View the petition’s contents directly below:
The Content of the Change.org Petition for Adobe Creative Cloud:
Eliminate the mandatory “creative cloud” subscription model.
It seems that you have decided to forsake everyone but big business. Well, you’ve made a mistake. We understand that CS6 is available and still usable, but it is only available and usable for the short-term. Over time, the CC version of the apps will develop and will become better than CS6, similar to how CS6 is better than CS3.
This puts us, the consumers, into a corner. We are in a corner because although we may have the option to use CS6 now, in the future, we will be forced to subscribe to your CC subscription in order to stay relevant with updated software.
The problem is that this is not what the people want. The people want to have a choice between CC and the Creative Suites that you’ve just discontinued development for. So, we want you to restart development for Adobe Creative Suite 7 and all future Creative Suites.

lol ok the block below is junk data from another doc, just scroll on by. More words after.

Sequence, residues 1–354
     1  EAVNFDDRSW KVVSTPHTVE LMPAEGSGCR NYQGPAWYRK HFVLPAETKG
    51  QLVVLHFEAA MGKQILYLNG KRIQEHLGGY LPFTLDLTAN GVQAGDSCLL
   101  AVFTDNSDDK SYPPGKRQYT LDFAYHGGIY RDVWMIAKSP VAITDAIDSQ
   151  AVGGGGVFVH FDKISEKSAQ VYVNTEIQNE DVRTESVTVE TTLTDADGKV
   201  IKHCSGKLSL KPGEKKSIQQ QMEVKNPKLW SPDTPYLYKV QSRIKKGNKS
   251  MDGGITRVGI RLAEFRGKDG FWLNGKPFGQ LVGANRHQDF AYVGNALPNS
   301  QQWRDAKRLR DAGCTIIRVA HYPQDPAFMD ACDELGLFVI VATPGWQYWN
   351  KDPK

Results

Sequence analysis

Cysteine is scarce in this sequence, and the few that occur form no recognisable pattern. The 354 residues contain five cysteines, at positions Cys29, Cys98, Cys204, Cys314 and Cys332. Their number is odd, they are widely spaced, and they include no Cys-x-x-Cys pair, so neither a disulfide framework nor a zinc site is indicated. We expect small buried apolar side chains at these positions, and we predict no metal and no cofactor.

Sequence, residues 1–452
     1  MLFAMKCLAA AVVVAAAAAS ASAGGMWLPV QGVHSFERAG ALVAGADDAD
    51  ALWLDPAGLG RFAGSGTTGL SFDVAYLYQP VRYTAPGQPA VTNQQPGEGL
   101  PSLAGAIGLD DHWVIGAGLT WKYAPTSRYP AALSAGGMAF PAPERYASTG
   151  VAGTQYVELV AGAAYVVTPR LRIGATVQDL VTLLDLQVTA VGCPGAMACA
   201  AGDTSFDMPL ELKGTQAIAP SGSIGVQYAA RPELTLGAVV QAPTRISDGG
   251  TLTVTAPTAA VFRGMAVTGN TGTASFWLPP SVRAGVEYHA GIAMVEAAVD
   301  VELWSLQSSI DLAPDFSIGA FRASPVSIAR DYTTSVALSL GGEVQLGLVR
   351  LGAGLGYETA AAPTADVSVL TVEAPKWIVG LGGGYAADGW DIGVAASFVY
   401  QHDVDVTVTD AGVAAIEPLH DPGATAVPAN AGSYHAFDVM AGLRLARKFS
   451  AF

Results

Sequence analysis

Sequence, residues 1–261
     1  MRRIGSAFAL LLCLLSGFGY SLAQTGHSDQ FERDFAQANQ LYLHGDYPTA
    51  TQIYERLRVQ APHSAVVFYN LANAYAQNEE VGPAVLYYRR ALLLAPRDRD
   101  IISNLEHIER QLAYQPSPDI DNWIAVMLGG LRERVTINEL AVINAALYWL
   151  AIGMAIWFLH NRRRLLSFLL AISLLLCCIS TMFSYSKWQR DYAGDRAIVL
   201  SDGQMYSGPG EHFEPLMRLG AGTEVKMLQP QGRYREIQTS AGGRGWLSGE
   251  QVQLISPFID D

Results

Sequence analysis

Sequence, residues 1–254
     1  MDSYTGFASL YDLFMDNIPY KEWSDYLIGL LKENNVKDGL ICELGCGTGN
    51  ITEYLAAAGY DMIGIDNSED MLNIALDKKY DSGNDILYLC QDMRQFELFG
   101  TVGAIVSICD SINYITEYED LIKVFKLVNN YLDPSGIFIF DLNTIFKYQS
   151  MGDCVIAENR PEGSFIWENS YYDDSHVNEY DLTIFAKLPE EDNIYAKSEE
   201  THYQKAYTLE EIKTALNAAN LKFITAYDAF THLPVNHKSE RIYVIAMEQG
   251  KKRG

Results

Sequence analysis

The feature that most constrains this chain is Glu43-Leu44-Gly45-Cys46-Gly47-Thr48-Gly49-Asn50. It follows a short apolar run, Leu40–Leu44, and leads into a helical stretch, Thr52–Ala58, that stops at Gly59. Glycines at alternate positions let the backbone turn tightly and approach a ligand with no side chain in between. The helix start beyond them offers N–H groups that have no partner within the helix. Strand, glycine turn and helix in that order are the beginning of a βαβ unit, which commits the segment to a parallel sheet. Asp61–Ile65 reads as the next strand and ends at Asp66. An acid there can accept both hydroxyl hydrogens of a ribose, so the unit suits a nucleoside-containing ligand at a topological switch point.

Do it for the freelancers. For the small businesses. For the average consumer. For the people who use your products on an inconsistent basis. Do it for the sake of creating a more beautiful world together.
This is interesting, but it makes little sense. Freelancers usually don’t have the upfront money that agencies do. Just purchasing Adobe Photoshop CS6 would cost around $699.00, a Creative Cloud bundle usually cost $1,599.00, and a Master Collection cost $3,499.00. This prices most freelancers out of the market.
Small businesses are also used to recurring bills, as are individuals, and by comparison a Creative Cloud subscription would be among the least of their business or living expenses as it is only $50.00/month, less than most cellphone, cable and internet plans. It is also theoretically a cost that would have a significant ROI if it is being used by someone who isn’t a hobbyist.
The Truth About Freelancers
Freelancers live project-to-project, month-to-month; many of them use pirated software and can rarely upgrade. Many freelancers have actually been waiting for a solution just like this. Freelancers have to constantly deal with an ever changing cash-flow situation and are used to paying smaller bills rather than making large upfront purchases.
Small Businesses and Creative Cloud